Personaly I find coloured text hard to concerntrate on enough to absorb the information provided most of my local cache pages have quite a bit of information in them with pictures historical photos etc included which wouldn't look as good with the extra colours included

Edited by Beebeejaybee
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..not really a fan of the different fonts - but to each their own. I prefer the clean, simple and easy to read default cache page. The one thing that bugs me about most web designs is when the page has multiple different fonts across it- it always hurts my eyes. Maybe a different font in the logo, but the page should remain consistent (imo) - otherwise you end up with something looking like it belongs on myspace.

 

If these fonts were to transfer to my GPS in the cache description, that would be the hurt.

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The only thing I will suggest is to be careful when specifying fonts or font families. If the user's computer does not happen to have the font you specify, the results will be undefined. If the font is important to the look of the page, it's generally better to create a jpg file with the content in the desired font, and then link that image to the page.

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These cache pages are completely unreadable on my GPS.

 

I prefer plain text, maybe a font size change for headings.

 

The issue with making fancy cache pages is that you have to look good on so many devices. PC web browsers, smart phones, GPS units, Palm and I-Pod devices.

 

Better to just leave them plain and readable.

BTW, I am a HTML coder.

 

You can see examples of my coding prowess or lack thereof on my profile page.

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Cudos for actually spending time working up the page. With some people it is obvious that they spend no time on the cache or the page. Typos, grammar, misinformation to name a few things you see sometimes. I have to agree, however, with webscouter.

These cache pages are completely unreadable on my GPS.
Me too. For anyone using a Gamin Colorado/Oregon/Dakota, your cache page looks something like this:
<span style="font-family: Santa Fe LET; font-size: 40px; color: rgb(153, 0, 0);"><br>Everlasting Rainbow<br></span><br><br><span style="font-family: Santa Fe LET; font-size: 24px; color: rgb(153, 153, 0);"><br>Come take a look at an unlikely natural occurrence.<br></span></span></div><p></p><div class="UserSuppliedContent"><span id="ctl00_ContentBody_LongDescription"><span style="font-family: Santa Fe LET; font-size: 22px; color: rgb(51, 51, 204);">This tree is pretty cool. You'll see when you get there..</span><br><br><span style="font-family: Santa Fe LET; font-size: 30px; color: rgb(51, 0, 255);">FTF Room:</span>
<table border="0" cellpadding="0" cellspacing="0" height="20%" width="35%"><tbody><tr>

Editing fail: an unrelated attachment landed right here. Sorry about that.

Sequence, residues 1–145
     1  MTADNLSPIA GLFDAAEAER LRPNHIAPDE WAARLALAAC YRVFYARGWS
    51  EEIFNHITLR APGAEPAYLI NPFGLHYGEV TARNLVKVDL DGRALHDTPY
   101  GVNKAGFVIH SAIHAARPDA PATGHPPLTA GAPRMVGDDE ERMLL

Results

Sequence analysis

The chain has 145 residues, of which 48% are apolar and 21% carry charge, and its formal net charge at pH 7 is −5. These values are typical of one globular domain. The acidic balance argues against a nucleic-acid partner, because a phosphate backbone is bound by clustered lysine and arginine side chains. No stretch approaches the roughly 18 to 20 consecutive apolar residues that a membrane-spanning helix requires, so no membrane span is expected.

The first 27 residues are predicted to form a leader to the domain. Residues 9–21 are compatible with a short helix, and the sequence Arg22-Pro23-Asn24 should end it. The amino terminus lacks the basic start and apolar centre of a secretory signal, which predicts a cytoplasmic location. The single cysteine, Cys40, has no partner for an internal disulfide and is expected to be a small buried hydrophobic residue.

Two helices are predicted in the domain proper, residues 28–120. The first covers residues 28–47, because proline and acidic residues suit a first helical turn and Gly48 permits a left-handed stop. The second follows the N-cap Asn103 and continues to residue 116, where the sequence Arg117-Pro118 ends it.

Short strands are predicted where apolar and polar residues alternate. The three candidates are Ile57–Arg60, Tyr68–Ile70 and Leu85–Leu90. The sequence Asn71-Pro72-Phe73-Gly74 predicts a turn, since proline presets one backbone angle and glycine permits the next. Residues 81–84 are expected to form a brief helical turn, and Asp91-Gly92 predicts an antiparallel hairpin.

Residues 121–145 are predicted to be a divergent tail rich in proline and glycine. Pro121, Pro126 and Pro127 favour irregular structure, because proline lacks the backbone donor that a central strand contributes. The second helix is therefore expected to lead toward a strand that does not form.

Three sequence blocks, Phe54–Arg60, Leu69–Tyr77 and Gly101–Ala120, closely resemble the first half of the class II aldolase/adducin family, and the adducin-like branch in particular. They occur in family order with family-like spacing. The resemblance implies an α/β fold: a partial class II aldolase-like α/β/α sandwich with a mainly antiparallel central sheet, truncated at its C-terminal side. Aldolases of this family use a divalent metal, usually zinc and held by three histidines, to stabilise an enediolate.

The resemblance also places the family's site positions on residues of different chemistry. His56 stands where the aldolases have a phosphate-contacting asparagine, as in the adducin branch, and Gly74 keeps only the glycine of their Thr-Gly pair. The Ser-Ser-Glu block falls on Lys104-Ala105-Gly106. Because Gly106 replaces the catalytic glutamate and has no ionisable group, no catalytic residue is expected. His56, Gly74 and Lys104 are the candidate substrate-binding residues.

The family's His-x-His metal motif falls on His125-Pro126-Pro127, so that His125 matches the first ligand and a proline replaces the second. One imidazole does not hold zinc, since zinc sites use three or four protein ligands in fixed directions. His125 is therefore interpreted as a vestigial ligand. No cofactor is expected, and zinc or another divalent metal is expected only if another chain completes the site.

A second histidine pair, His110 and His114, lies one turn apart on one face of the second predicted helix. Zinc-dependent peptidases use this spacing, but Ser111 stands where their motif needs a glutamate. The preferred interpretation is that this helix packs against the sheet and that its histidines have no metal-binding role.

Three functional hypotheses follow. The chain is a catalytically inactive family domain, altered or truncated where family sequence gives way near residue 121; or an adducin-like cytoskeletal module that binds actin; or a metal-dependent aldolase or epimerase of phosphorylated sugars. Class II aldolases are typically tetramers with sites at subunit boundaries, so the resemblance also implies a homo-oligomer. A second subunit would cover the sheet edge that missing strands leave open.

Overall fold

<td align="center" valign="middle"><img src="http://www.freeimagehosting.net/uploads/557d1a63d5.jpg" alt="http://www.freeimagehosting.net/uploads/557d1a63d5.jpg" align="bottom"></td>
<td align="center" valign="middle"><img src="http://www.freeimagehosting.net/uploads/673880f447.jpg" alt="http://www.freeimagehosting.net/uploads/673880f447.jpg" align="bottom"></td>
<td align="center" valign="middle"><img src="http://www.freeimagehosting.net/uploads/3515b92bea.jpg" alt="http://www.freeimagehosting.net/uploads/3515b92bea.jpg" align="bottom"></td></tr><tr>
<td align="center" valign="middle"><span style="font-family: Santa Fe LET; font-size: 16px; color: rgb(0, 0, 0);">littledebbie</span></td>
<td align="center" valign="middle"><span style="font-family: Santa Fe LET; font-size: 16px; color: rgb(0, 0, 0);">semperfly2020</span></td>
<td align="center" valign="middle"><span style="font-family: Santa Fe LET; font-size: 16px; color: rgb(0, 0, 0);">mike2find</span></td></tr></tbody></table></span></div><p></p></td>

Compared to:

Everlasting Rainbow

 

Come take a look at an unlikely natural occurrence.

 

This tree is pretty cool. You'll see when you get there..

I'm not sure what it'd look like on Cachemate or the like, but I can't imagine it is any better. Basically, all that formatting basically breaks your cache page for anyone who caches paperless.
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Me too. For anyone using a Gamin Colorado/Oregon/Dakota, your cache page looks something like this:

 

Does that happen when transferring them .gpx right on over to the Garmin using whatever software comes with the unit?

 

My paperless unit recently has become my Nuvi and I don't see these formatting issues, but that's after I've run it through GSAK and imported it as a POI file.

 

I'm looking at upgrading to one of the newer Garmin units and I'm asking as a point of reference for future purchases.